- Semantic Trees
- Semantic Alternation
- Match Triggers
- Protocol Framework
- Protocol Composability
- Optimized for Evolution
Stage of Development: Our Protocol for Pluggable Protocols was built and prototyped in our C implementation of the Ceptr codebase. That codebase is being retired in favor of breaking Ceptr down into more understandable sub-projects (like this one) and is being reimplemented in Go. Which means although this has been built once already, we’re in the process of building it again.
The basic data structure for messages in self-describing protocols are semantic trees. These are tree structures where the shape of the tree matches the data hierarchy and each node contains a symbol identifier for the type of content at that node in addition to whatever values may be stored there.
XML, JSON, and other data-description formats are often loosely structured like this, and the stand-alone P3 system may interface with these different representation formats. However, in Ceptr, semantic trees are the base data structure for all memory in the virtual machine (data, processes, protocols, everything).
Also, unlike the typical XML/JSON approach where some text label is used as the description, we use semantic IDs which reference an explicit and complete semantic definition of data type, structure, and any special operators. This makes it clear when semantic terms are fully equivalent and when they’re not. In representations which are merely labeled, what are the chances that different implementations of “Street Address” are going to have their data structured the exact same semantic format?
It seems in the “real world” we alternate between assembling some new structure of things, and assigning significance to components of that structure in that context. This means we assemble two numbers and call that one a latitude and the other a longitude. Or we assemble a bunch of bits into an integer and call that one 2^0 and the next 2^1 and so on.
Said differently, we alternate between structuring and naming elements or roles in the context of that structure.
Semtrex is our SEMantic Tree Regular EXpression language. Having a self-describing protocol stack means we have to have a universal parsing system for any and every protocol. At first, this seemed an immense task, but when messages are structured as semantic trees, it becomes quite doable.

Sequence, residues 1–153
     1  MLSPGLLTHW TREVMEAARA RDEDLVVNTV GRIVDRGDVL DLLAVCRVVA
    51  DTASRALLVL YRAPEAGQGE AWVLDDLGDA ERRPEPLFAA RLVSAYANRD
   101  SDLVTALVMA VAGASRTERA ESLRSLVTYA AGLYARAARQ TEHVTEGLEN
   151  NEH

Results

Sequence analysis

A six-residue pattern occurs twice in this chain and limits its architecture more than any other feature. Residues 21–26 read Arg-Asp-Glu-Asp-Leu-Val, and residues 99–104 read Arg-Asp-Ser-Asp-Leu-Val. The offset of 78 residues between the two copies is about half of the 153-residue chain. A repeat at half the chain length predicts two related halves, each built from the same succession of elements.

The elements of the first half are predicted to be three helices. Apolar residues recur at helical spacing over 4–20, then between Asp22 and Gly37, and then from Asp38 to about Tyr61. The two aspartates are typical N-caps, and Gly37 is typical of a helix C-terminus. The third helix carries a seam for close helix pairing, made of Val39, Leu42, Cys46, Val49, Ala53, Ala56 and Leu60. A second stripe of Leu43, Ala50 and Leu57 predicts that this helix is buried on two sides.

Semtrex is our universal parser which can match patterns on all protocols and data structures using a Regular Expression format to specify your match target. Semtrex can match not only against values (like normal regular expressions), but on semantic symbols, and structure of data.
As is frequently done with regular expressions, Semtrex generates a state maching / finite state automaton to process matches on inputs.
Once you’ve used Semtrex to match on a signal or message, you can trigger an action. Typically, the action would take the match results and trigger an event, integrate any changes of state, or it might transform the input to a format expected by another protocol or system and pass it along.
In Ceptr we have Expectation statements in the format:
Expect On <carrier> Match <semtrex-expr> Do <script> [With <parameters>]
carrier is a semantic carrier (which may be a port or connection in the stand-alone version). The
semtrex-expr is a Semtrex expression which specifies whatever values, symbols or syntax you’re trying to match. Finally, the match result, and any
parameters are passed to the
script as the action executed when there’s a match. We don’t know yet what scripting languages we’ll implement in the stand-alone version of P3, but we’ll probably make them pluggable and start with zygomys since it’s the scripting language we started with for Holochains.
Normally “Protocol” refers to a human description of ways we’re agreeing to communicate, and then there are different implementations of that description which have whatever peculiarities they may have. In Ceptr, a Protocol is live, executable, component, not an RFC paper.
ENDPOINTS: All Protocols are connected to Endpoints. Some system of providing an input or receiving an output. For example, HTTP is really a document requesting and rendering system. Any system which can serve up a document (a file system, a dynamic document generator, or whatever) could be an endpoint for the server side of HTTP Requests. P3 Translates the HTTP request into the document retrieval request format, and embeds the resulting document into the HTTP Response. On the other end your browser may have been the endpoint which formulated and sent the HTTP request, and renders the resulting response.